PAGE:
The U.S. Food and Drug Administration (FDA) denied a citizen petition to ban the use of perchlorates in dry food packaging while revoking regulations permitting the use of potassium perchlorate in food-container seals, saying industry makers no longer use the chemical. FDA said it will amend food additive regulations allowing the use of potassium perchlorate as a component in sealing gaskets for food containers. Trade groups petitioned for the change, arguing that plastics manufacturers have stopped using the compound. The following day, FDA rejected a petition from public interest groups seeking to ban use of potassium perchlorate and sodium perchlorate monohydrate in dry food packaging and requesting that the agency issue new regulations prohibiting use of perchlorates in packaging. Neither request was “the proper subject of a food additive petition,” the agency stated, but the groups could petition to revoke or reevaluate the Threshold of Regulation exemption. Issue 633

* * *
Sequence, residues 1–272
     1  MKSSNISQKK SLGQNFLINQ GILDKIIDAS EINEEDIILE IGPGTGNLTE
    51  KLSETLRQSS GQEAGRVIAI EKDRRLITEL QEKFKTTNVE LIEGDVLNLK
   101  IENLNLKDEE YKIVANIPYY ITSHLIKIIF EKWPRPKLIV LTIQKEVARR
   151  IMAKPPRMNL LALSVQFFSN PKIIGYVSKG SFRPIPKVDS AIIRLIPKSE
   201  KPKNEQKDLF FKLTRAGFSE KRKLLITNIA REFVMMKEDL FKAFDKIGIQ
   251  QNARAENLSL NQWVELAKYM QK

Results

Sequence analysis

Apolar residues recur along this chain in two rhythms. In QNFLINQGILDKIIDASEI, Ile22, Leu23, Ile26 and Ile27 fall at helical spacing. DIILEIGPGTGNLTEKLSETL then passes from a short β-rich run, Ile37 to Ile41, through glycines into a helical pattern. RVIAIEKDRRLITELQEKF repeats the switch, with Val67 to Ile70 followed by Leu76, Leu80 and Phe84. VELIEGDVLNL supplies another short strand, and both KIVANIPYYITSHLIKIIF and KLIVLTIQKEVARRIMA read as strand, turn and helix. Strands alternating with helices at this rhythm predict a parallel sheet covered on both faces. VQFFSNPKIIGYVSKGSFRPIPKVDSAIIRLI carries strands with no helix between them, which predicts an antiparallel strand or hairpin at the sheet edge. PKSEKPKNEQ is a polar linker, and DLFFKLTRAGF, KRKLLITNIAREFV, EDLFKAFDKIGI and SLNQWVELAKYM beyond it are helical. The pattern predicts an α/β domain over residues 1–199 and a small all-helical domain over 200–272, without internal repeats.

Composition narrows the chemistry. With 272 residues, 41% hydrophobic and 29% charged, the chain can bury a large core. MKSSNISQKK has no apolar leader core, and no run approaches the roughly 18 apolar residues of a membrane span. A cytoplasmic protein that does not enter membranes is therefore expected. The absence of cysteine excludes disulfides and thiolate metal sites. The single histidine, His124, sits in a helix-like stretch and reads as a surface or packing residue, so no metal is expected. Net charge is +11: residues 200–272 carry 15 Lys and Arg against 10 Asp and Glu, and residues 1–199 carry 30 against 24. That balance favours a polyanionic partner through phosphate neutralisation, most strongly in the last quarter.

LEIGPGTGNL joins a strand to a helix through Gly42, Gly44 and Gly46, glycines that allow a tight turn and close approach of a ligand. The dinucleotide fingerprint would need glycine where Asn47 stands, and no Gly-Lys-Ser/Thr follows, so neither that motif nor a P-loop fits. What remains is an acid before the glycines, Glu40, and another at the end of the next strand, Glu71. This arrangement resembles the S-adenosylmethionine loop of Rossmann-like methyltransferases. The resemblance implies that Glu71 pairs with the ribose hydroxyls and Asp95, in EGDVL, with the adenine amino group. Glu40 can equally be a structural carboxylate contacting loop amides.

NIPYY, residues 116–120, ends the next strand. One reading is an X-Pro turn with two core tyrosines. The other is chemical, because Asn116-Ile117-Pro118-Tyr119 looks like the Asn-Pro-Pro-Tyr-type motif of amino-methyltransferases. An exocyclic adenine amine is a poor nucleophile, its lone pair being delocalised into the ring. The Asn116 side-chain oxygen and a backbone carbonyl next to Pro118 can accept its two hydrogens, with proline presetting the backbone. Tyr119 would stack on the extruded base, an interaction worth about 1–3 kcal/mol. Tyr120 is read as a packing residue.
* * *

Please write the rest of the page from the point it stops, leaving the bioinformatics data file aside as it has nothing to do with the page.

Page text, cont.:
Kraft Heinz Foods faces a trade-secret suit alleging it distributed documents containing confidential and proprietary drawings and specifications for plastic caps created by one of its long-time vendors. AptarGroup, Inc. v. Kraft Heinz Foods Co., No. 17521 (W.D. Pa., filed April 21, 2017). AptarGroup argues that Kraft distributed engineering and customer drawings providing detailed specifications for its bottle cap and closure designs documents after removing Aptar’s logos and confidentiality warnings. Aptar also asserts that among other disclosures, Kraft released specifications for its “breakthrough” snap-top cap used for Heinz’ inverted, top-down ketchup bottles. The complaint alleges that previous disclosures have included only “one or two ornamental designs, with no detailed specifications, and that Aptar notified Kraft of their breach of contract and asked Kraft to demand the return of the confidential information from all recipients. Claiming trade secret misappropriation and breach of contract, Aptar seeks a temporary restraining order, injunctive relief,…